U.S. and Global Corn

  • World Corn Total Supply: 2019/20 world corn total supply is estimated at 1.602 billion metric tons, the second largest on record.
  • World Corn Ending Stocks: 2019/20 world corn ending stocks are estimated at 308 million metric tons, down from the previous four marketing periods but still the fifth highest on record, Chart A6.
  • U.S. Corn Total Supply: 2019/20 U.S. corn total supply is estimated at 414 million metric tons, the fourth largest on record.  
  • U.S. Corn Ending Stocks. 2019/20 U. S. corn ending stocks are estimated at 55.4 million metric tons the third highest since 1987, Chart A7.

U.S. and Global Cotton

  • World Cotton Total Supply: 2019/20 world cotton total supply is estimated at 249.8 million bales, the third highest on record, Chart F5.
  • World Cotton Ending Stocks: 2019/20 world cotton ending stocks are estimated at 82.4 million bales, above the previous three marketing periods, Chart F6.
  • U.S. Cotton Total Supply: 2019/20 U.S. cotton total supply is estimated at 27.8 million bales, the third highest on record and the highest in the current 12 marketing periods, Chart F8.
  • U.S. Cotton Ending Stocks: 2019/20 United States cotton ending stocks are estimated at 7.2 million bales, the highest in the current 10 marketing periods, Chart A9.

U.S. and Global Wheat

  • World Wheat Total Supply: 2019/20 world wheat total supply is estimated at 1.223 billion metric tons, the highest on record, Chart G5.
  • World Wheat Ending Stocks: 2019/20 world wheat ending stocks are estimated at 285.4 million metric tons, the highest on record, Chart G6.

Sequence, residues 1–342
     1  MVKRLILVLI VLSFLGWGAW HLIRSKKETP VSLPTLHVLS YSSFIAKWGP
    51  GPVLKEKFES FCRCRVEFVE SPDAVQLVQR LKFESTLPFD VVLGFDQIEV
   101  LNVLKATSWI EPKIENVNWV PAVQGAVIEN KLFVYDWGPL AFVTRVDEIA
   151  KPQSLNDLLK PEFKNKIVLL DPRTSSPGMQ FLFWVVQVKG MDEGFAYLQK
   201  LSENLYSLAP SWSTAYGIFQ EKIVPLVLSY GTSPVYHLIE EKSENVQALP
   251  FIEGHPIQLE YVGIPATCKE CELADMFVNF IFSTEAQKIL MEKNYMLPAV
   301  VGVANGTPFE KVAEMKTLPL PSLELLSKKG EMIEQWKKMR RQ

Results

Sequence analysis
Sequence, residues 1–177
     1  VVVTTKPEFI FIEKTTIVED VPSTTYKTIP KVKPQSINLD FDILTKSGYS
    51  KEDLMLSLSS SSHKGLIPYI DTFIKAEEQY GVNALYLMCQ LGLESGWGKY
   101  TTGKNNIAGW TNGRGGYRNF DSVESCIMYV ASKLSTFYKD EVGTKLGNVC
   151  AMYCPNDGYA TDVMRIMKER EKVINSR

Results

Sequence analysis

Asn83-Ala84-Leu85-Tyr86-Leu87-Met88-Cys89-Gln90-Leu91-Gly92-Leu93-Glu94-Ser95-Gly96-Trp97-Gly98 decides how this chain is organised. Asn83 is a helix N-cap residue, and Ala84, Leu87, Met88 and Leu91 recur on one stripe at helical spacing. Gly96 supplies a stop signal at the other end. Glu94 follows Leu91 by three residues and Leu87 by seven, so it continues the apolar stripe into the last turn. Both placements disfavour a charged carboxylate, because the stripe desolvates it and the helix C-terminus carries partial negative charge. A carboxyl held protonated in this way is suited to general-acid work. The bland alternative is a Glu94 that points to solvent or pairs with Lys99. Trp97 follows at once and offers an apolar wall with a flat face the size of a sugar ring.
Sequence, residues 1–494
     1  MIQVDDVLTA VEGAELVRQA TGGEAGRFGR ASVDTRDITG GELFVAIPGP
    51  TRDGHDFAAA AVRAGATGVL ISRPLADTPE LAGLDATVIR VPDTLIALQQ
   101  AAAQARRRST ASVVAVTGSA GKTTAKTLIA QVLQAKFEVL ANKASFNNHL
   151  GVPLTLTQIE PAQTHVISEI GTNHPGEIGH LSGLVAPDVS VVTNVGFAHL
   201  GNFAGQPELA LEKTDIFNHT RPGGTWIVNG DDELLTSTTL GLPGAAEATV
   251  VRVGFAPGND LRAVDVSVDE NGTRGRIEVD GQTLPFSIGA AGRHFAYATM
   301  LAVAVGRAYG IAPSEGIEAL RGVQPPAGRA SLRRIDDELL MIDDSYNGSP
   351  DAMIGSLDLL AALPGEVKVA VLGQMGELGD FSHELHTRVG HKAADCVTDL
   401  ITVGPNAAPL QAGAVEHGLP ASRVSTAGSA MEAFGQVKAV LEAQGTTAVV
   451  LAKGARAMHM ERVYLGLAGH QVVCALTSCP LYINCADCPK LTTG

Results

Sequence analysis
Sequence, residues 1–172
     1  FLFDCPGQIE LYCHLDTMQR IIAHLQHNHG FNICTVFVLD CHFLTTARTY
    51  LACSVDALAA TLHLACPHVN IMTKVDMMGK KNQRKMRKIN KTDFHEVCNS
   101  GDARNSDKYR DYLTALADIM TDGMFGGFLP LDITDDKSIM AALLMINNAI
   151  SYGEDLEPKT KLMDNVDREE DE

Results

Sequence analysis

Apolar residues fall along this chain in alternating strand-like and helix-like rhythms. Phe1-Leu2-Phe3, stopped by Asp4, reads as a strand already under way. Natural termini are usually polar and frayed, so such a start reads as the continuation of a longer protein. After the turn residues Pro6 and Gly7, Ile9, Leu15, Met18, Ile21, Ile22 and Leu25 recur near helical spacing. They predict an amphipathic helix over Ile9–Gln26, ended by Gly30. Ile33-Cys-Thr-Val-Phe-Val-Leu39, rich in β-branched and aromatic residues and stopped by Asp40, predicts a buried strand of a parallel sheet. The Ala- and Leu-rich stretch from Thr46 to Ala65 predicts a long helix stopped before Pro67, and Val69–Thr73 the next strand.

• U.S. Wheat Total Supply: 2019/20 U.S. wheat total supply is estimated at 86.7 million metric tons, Chart G8.
  • U.S. Wheat Ending Stocks: 2019/20 U.S. ending stocks declined from a high in 2016/17’s 32.1 million tons to 2019/20’s 27.6, but remains the fourth highest since 1987/88, Chart G9. 

Accompanying Fundamental Chart Book Index

  • A1-A16. Global and U.S. Ending Stocks: Rice, Soybean, Corn, Cotton and Wheat Charts (metric tons)
  • B1-B14. Eleven World Rice and Three United States Charts (metric tons)
  • C1-C19. U.S. Long and Medium Grain Rice Charts (million cwt.)
  • D1-D12. Select World and U.S. Soybean Charts (metric tons)
  • E1-E9. Select World and U.S. Corn Charts (metric tons)
  • F1-F9. Select World and U.S. Cotton Charts (metric tons)
  • G1-G9. Select World and U.S. Wheat Charts (metric tons)

Quite simply, the 2019/20 marketing period will continue to be a highly challenging business environment, so one’s production, financial and marketing advisors will be most critical to one’s 2019 business success.

 

No Crystal Ball

Since no one has a crystal ball or knows the future always consult an investment professional or professionals before making investment decisions. The world’s greatest speculators, investors and money managers are challenged by today’s global business environment.   

Robert Coats, Ph.D.

  • Economist, Arkansas Department of Agriculture, 1 Natural Resources Drive, Little Rock, Arkansas robert.coats@agriculture.arkansas.gov
  • Retired professor and extension economist after 37-years with the Department of Agricultural Economics and Agribusiness, University of Arkansas System, Division of Agriculture, Cooperative Extension Service

Download Slide Show for charts and expanded details, Click Download Link

DISCLAIMER-FOR-EDUCATIONAL-PURPOSES-ONLY

TAGS: Crops